Opinion: We Might Need Stricter Screen Time Regulations

Opinion: We Might Need Stricter Screen Time Regulations

Reading time: 15 min

  • Andrea Miliani

    Written by: Andrea Miliani Tech Writer

  • Kate Richards

    Fact-Checked by Kate Richards Content Manager

I have been seeing phone addiction warnings and messages—and maybe wake-up calls—in the past few days, and decided to pay more attention. From the new “dumb phones trends” to celebrities coming out as addicted, to doctors requesting authorities take action now, to new laws banning addictive social feeds for teenagers.

Just a few days ago, the actor Woody Harrelson went viral for saying that he ditched his phone three years ago. Harrelson explained that he did it because he was addicted to his phone and was having difficulties setting limits for his screen time.

“Back then I was like, ‘Okay, I’m going to set this limit. Two hours,’” said Harrelson on the Where Everybody Knows Your Name show. “I’ve already hit my limit at 9:30 am, so I woke up, and I’ve been on it two hours already because it can just keep going and going.”

National Geographic talked about how endless scrolling can literally make you sick in 2021—making us feel dizzy and nauseous—and reposted this story on Instagram just a few hours ago.

Even the ones behind the technology are suffering. Historic Vids recently shared a video on X of an interview with Tim Cook, Apple’s CEO, where he says, “…if I’m looking at the device more than I’m looking into someone’s eyes, I’m doing the wrong thing.”

It’s not a recent interview, it’s from 2019, but the fact that it got over 7 million views on X within a few hours just last week reminds us not only that this issue is still relevant but also that we’ve been talking about phone addiction for years and finding solutions still doesn’t seem to be anyone’s priority.

The irony is a bit jarring when the man at the forefront of Apple’s new technologies, like phone mirroring, which are created so that you never miss a notification, says he doesn’t want to be a slave to his notifications.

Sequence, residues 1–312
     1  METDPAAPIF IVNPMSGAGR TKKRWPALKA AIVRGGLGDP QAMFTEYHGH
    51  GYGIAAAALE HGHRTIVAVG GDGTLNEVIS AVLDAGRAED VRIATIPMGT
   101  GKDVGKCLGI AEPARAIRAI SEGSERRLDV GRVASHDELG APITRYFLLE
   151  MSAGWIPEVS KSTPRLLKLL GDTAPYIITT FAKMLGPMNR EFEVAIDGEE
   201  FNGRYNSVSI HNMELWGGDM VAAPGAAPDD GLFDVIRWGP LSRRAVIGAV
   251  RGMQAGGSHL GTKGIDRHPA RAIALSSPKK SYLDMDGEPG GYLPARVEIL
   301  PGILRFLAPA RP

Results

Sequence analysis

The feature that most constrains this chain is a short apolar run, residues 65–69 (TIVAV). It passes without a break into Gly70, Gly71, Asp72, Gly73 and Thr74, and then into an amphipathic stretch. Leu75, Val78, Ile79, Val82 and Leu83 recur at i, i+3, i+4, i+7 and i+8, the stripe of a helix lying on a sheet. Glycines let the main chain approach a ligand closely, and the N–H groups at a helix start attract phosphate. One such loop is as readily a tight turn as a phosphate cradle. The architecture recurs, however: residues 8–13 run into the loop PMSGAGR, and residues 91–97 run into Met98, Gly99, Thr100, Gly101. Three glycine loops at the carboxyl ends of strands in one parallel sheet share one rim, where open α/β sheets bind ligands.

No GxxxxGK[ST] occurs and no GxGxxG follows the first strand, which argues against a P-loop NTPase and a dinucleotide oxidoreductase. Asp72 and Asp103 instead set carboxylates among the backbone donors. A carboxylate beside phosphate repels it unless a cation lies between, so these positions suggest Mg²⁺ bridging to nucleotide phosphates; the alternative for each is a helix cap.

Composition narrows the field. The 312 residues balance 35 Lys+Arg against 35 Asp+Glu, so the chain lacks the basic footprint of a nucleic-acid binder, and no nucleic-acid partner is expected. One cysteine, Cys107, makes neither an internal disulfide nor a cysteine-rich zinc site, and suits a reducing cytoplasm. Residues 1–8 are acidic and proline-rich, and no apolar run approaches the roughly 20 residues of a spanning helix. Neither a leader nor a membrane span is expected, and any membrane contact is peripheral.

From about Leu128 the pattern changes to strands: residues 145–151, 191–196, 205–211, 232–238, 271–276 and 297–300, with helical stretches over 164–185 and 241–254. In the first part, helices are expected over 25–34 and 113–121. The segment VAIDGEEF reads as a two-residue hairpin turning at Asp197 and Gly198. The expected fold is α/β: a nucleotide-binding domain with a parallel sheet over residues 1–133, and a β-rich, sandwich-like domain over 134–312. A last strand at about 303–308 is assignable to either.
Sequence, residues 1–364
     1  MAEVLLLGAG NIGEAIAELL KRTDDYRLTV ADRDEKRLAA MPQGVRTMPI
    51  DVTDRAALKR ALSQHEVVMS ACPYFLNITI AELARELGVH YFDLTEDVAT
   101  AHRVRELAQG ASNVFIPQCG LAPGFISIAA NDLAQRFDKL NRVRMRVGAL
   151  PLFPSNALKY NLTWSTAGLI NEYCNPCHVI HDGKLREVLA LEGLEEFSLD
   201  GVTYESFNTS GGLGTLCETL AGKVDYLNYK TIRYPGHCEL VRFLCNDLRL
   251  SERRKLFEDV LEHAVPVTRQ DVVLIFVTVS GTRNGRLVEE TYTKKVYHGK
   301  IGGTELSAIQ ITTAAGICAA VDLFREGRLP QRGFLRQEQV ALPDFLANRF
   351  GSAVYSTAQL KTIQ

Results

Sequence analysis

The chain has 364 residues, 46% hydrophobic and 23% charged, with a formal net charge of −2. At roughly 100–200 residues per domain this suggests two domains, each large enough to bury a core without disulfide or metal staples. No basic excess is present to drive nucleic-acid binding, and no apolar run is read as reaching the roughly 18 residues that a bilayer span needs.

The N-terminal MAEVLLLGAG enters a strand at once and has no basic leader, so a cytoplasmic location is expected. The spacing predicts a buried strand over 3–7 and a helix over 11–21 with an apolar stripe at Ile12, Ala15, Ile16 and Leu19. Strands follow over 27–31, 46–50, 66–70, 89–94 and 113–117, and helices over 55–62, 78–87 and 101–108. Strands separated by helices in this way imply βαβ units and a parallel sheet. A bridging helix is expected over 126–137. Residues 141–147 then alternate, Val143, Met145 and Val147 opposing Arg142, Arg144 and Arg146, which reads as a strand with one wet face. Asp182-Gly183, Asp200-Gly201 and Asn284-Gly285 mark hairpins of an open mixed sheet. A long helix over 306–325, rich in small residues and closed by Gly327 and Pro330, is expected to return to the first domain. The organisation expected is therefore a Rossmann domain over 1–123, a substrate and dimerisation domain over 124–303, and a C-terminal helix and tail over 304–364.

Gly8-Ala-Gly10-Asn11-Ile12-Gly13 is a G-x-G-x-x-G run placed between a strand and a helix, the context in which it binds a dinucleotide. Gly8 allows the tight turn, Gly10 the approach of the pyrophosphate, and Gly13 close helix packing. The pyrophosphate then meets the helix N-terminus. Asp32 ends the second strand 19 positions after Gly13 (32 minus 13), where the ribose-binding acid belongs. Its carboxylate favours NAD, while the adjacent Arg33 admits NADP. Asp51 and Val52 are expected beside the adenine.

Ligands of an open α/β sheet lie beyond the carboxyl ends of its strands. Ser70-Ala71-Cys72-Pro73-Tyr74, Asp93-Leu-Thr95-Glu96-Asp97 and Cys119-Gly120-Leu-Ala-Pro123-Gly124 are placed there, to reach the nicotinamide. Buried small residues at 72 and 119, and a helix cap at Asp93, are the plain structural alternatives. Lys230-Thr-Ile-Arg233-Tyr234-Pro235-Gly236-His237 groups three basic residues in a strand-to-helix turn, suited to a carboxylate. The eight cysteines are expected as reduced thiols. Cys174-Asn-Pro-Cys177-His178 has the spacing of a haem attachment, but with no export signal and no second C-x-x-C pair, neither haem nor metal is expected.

And those notifications Cook mentions are part of the problem. A recent study conducted by behavioral experts showed that working people pick up their phones around 72 times a day and get, on average, 65 daily notifications.

It gets worse the younger they are, and another study confirms this. According to the non-profit organization Common Sense, teenagers get around 237 notifications a day and spend 4 to 5 hours on their screens daily.

A Ban For Teenagers: The Most Vulnerable Population

Surgeon General Dr. Vivek H. Murthy shared an opinion essay in the New York Times a few days ago warning about mental health in adolescents, the damage social media is doing to the young population, and requesting Congress to impose a warning label on the addictive platforms.

“The mental health crisis among young people is an emergency—and social media has emerged as an important contributor,” wrote Dr. Murthy. “It is time to require a surgeon general’s warning label on social media platforms, stating that social media is associated with significant mental health harms for adolescents.”

Dr. Murthy has been warning about these issues for years. And a few authorities have been listening. The state of New York recently passed a law protecting teens and children from addictive algorithm feeds.

Governor Kathy Hochul signed two bills requesting tech companies like TikTok and Instagram refrain from using recommendation algorithms for users under 18 years old. The proposal suggests instead displaying posts in chronological order. It also suggests disabling notifications during nighttime as well as prohibits these platforms from collecting data from underage users.